\ Visualizing Evolution: A little rant about the caduceus

Thursday, June 5, 2008

A little rant about the caduceus

This may be a bit off-topic, but I must share this little pet-peeve of mine, which is categorized in my brain somewhere between the phrase "a whole nother" and people who type "RU" instead of "are you" in instant messages.

This is a caduceus:
a.k.a. the Wand of Hermes. It's a staff spiralled by two snakes and there's a couple of wings at the top. This is the symbol of commerce, not medicine. What are news reports saying about medicine when they put a caduceus on the screen when talking about doctors or health insurance?

This is the Rod of Aslepius, the symbol of medicine. One rod, one snake, no wings.
As seen on ambulances and other EMT supplies in the Star of Life:
And now that you know that, you'll be seeing caduceuses being used wrong everywhere you look. You're welcome.

4 comments:

Harrison said...

The wand with a snake around it has kind of an interesting story.

I thought it was weird that god told the Israelites they couldn't have any form of idols at all and nothing made of gold.

But when they got sick he told them to make a staff with a golden snake wrapped around it and if they prayed and touched the snake they would be cured.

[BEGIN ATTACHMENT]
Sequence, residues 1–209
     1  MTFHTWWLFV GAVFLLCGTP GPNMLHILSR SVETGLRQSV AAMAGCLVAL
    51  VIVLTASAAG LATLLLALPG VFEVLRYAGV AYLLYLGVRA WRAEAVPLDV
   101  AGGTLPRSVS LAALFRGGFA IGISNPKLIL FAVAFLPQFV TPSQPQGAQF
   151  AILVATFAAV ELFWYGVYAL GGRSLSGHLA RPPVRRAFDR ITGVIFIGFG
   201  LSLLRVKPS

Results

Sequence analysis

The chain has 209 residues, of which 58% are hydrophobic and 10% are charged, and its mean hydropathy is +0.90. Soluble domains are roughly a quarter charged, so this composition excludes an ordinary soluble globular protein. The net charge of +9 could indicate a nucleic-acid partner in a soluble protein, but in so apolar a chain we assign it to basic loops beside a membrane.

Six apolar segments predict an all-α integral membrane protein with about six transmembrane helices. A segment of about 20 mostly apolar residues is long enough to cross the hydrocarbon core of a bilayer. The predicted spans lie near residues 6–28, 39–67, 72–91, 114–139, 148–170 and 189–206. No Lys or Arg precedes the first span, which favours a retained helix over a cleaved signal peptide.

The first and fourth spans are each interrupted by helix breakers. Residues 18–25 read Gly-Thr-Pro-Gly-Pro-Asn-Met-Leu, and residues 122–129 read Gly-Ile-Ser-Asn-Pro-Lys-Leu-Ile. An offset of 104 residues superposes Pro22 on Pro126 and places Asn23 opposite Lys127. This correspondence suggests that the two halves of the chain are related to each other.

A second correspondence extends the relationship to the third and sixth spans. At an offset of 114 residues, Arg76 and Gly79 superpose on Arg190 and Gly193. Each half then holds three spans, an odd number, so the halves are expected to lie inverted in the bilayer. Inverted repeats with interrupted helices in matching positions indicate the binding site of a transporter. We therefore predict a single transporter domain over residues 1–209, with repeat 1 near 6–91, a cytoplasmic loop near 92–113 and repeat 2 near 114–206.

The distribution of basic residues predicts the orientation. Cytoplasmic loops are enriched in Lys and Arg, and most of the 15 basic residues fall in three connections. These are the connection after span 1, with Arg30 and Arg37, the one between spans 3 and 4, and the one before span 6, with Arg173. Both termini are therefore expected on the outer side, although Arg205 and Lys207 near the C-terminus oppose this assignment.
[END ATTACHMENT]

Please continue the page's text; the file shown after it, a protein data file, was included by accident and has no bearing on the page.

Somehow this symbol became a symbol of medicine but I always thought it was a weird story.

Maybe the ancient priests were trying to work in a symbol from an old god they worshipped? The story just never seemed to fit in with this wrathful god that refused to have any form of idolatry.

wandering_nomad said...

I remember my father's old vet truck had a symbol on the back. The letter V with a single snake. Doubt it has nearly enough history as the ones you posted about, but interesting nevertheless.

Alex said...

This symbol goes back to Greek mythology. Asclepius was a Greek hero who later became the Greek god of medicine and healing. The cult of Asclepius became very popular during the 300s BCE and the cult centers (known as an Asclepieion) were used by priests to cure the sick.

In southern Europe there is a snake called Aesculapian snake (Zamensis longissimus).

Heidi Richter said...

Aesculapian snake? Hey I found a photo!

http://cache.eb.com/eb/image?id=38655&rendTypeId=4

It's even curling around a V-shaped branch... must be nomad's veterinarian snake.

Very cool. : )